Arizona currently leads the nation in introducing legislation meant to restrict voters’ access to the polls, but it is hard to tell that from watching local broadcast news in the state. As of April 1, 23 proposed laws are working their way through the state’s legislature, including two, SB 1485 and SB 1713, that have already passed the state Senate.
A Media Matters review of Arizona local television found there were 42 segments that mentioned one or more of these bills throughout the month of March, but only a fraction of these referenced the disproportionate impacts the proposed voting restrictions would have on voters of color -- and just one segment correctly reported that claims of mass voter fraud in the state’s 2020 election were false.
About 80% of Arizonans voted by mail in 2020 through a popular system called the Permanent Early Voting List (PEVL), which allows voters to sign up to receive mail-in ballots for every election cycle. SB 1485, which passed the state Senate on March 2, gets rid of the “permanent” part of the PEVL, prompting officials to kick people off the list if they do not vote in either a primary or general election for two consecutive cycles.
The Arizona Senate approved SB 1713 on March 8. If passed into law, the bill would require voters to provide an identification number or a voter registration number plus a copy of a qualifying document confirming their address in order to submit an absentee ballot.
Other bills now under consideration in the Arizona legislature include:
- HB 2720 would allow the state legislature to toss the results of the presidential election and reallocate electoral votes based on the state legislature’s whims up until Inauguration Day. The proposal also prevents judges from tossing out legal challenges to the results of an election and instead allows "any party to an election challenge to demand a jury trial, which must be granted and swiftly carried out.”
- HB 2701 would eliminate no-excuse absentee voting entirely in Arizona, limiting mail-in ballots “only to people who cannot physically vote at a polling place.”
- HB 2811 would criminalize same-day voter registration in the state, even though Arizona does not have same-day registration currently.
There are 18 more bills like these, adding up to more legislative attacks on the right to vote than in any other state in the country. And many of these restrictions would have an outsized impact on minority voters.
For instance, SB 1713, one of the pieces of legislation that is furthest along toward becoming law in Arizona, would effectively block more minority voters than white voters from submitting a mail-in ballot. According to the American Civil Liberties Union, people of color are disproportionately disenfranchised by bills like SB 1713 because they are statistically more likely to lack the kind of identification required to vote.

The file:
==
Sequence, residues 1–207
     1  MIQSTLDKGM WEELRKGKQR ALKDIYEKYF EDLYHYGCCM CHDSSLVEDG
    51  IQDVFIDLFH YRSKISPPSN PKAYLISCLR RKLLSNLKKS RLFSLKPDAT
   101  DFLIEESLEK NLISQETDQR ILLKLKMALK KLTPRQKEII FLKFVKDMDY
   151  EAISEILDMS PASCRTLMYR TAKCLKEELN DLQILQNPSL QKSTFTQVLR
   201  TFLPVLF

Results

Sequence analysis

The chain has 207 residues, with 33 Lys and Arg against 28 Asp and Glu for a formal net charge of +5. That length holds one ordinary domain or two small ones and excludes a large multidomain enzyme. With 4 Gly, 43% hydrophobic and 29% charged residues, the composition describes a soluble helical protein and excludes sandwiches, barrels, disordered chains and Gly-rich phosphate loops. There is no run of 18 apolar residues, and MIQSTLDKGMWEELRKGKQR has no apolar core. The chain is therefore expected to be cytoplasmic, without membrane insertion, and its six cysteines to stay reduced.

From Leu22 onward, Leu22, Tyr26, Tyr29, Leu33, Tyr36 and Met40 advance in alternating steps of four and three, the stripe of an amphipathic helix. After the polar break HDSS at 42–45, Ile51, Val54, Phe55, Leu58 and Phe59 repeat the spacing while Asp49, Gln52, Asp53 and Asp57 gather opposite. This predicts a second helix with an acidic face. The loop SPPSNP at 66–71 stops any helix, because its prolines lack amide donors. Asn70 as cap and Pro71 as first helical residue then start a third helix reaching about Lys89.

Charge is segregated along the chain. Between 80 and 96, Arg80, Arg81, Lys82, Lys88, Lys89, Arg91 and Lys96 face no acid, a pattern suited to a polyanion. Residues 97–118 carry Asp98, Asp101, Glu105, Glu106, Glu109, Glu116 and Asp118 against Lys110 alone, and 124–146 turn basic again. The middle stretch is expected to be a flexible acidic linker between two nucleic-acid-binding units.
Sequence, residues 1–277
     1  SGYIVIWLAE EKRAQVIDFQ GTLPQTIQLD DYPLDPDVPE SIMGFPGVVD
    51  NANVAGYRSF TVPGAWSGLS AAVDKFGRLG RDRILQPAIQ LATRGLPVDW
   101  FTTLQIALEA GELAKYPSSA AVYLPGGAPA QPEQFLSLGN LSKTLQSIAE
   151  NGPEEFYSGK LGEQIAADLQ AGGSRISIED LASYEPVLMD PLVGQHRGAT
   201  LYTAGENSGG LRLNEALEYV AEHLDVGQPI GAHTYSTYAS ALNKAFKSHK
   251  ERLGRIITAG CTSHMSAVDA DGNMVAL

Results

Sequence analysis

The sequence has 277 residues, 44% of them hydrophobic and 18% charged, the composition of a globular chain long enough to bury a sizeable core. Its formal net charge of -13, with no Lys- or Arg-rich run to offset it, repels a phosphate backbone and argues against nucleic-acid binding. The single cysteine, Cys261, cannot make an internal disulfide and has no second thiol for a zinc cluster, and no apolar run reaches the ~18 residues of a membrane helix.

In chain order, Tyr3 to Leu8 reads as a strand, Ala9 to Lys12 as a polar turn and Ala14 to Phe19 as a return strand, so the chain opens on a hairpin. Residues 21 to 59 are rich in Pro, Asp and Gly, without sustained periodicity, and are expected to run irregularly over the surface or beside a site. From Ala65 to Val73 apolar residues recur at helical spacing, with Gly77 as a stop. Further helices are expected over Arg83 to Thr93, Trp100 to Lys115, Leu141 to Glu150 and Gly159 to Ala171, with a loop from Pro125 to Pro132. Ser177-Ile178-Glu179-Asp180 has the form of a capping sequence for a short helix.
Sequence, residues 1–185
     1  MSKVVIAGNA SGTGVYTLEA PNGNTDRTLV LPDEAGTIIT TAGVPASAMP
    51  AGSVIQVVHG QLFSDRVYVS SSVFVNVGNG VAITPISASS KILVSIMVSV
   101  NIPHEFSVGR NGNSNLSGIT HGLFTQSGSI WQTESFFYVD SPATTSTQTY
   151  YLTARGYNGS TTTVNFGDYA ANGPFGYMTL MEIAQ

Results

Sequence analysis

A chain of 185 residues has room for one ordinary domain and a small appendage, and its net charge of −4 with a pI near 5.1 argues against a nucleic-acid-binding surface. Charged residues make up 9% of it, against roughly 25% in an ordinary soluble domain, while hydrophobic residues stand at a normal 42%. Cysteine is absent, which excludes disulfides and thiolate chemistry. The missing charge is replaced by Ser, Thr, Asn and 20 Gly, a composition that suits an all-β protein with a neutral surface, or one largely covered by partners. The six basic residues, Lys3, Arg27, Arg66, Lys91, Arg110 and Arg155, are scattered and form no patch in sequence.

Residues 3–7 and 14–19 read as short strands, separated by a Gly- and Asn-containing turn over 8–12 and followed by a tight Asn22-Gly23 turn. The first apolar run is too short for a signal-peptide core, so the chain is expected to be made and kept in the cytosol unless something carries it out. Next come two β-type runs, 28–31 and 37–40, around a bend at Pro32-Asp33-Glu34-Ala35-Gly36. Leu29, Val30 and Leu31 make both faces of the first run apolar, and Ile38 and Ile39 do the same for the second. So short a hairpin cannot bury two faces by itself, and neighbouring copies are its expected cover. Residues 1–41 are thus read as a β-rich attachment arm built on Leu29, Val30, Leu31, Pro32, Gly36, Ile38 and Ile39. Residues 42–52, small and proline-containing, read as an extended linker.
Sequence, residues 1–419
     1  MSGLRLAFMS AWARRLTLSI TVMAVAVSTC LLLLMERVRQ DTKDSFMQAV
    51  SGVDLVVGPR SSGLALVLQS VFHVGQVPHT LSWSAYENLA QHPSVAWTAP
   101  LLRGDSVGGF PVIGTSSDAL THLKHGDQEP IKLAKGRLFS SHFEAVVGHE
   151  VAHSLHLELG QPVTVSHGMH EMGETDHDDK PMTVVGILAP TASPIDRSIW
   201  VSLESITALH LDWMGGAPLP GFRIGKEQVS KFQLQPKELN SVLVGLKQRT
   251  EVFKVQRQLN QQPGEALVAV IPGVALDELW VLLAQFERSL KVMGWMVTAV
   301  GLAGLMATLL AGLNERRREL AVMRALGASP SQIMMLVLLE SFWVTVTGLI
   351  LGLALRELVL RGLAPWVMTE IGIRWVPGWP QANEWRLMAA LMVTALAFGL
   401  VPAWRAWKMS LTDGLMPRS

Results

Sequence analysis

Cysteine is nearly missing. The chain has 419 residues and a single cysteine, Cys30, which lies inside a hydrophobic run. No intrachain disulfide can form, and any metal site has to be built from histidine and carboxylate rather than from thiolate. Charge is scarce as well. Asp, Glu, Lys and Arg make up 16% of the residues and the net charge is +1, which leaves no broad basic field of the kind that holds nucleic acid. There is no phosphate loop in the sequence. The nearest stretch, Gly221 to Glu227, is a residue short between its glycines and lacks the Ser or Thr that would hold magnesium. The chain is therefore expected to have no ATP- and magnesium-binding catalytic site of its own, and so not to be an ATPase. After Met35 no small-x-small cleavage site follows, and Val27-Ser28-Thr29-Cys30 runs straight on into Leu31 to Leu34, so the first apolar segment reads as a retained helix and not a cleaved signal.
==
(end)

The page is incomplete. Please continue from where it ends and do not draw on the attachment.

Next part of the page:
In comments to the Arizona Mirror, Randy Perez, democracy director at Living United for Change Arizona, tied the GOP-led effort to suppress votes to a desire to maintain power in the state, saying: “Our growing power of communities of color, and our willingness and engagement to turn out in elections for the past ten years is being met with such resistance, blatant white supremacy and a naked attempt to hold on to power by the majority party at our state legislature.”
Only seven of the 42 segments of local news coverage on these bills mentioned the impact that these restrictions would have on minority communities.
Over half of those 42 segments (23) mentioned that the proposed legislation would restrict, limit, or even suppress voting if they became law, but many of these also provided GOP claims that the bills were necessary to rebuild a sense of legitimacy in the voting process with the general public after the 2020 election.
Only one segment mentioned specifically that no significant fraud was found in Arizona’s 2020 election, though it also included a Republican lawmaker’s claim that “the system is broken if we have this many people who don’t have faith in it.” The anchor did not push back on his statement that it would be “another type of voter suppression” to dismiss these false claims of election fraud.
Other segments were bare-bones explanations of what a specific bill would do and how it was proceeding through the legislature, neglecting to even mention why these voting restrictions were being introduced in the first place or which populations they would primarily impact.
Media Matters searched transcripts in the Kinetiq video database for all original programming on local ABC, CBS, Fox Broadcasting Co., and NBC affiliates in the Phoenix (Prescott), Yuma-El Centro, Tucson (Sierra Vista), and Albuquerque-Santa Fe television markets for any mention of the term “Arizona” within 20 words of any of the terms “voter suppression,” “voter registration,” “early voting”, “voter legislation,” “voting legislation,” “mail in,” “ballots,” “absentee," “voter ID,” “voter identification,” “Stand-Up,” “vote by mail,” “voting window,” “vote window,” “voter access,” “vote early,” “mailed in,” “voter restriction,” “restricting franchise,” “voter disenfranchise,” “emergency voting,” “voter affidavit,” “voter deadline,” “voting deadline,” “electoral votes,” “election results,” “All Voting is Local,” or “but everybody shouldn't be voting” from March 1 through 31, 2021.
We then reviewed news segments about voter legislation in Arizona for whether any speaker or clip in the segment acknowledged that the bills targeted Democratic, minority, and low-income voters; acknowledged that vote recounts in Arizona found no 2020 election fraud; pushed unfounded claims of election fraud or framed the legislation as restoring confidence or election integrity; or called the bills an attempt to suppress, restrict, or otherwise limit votes.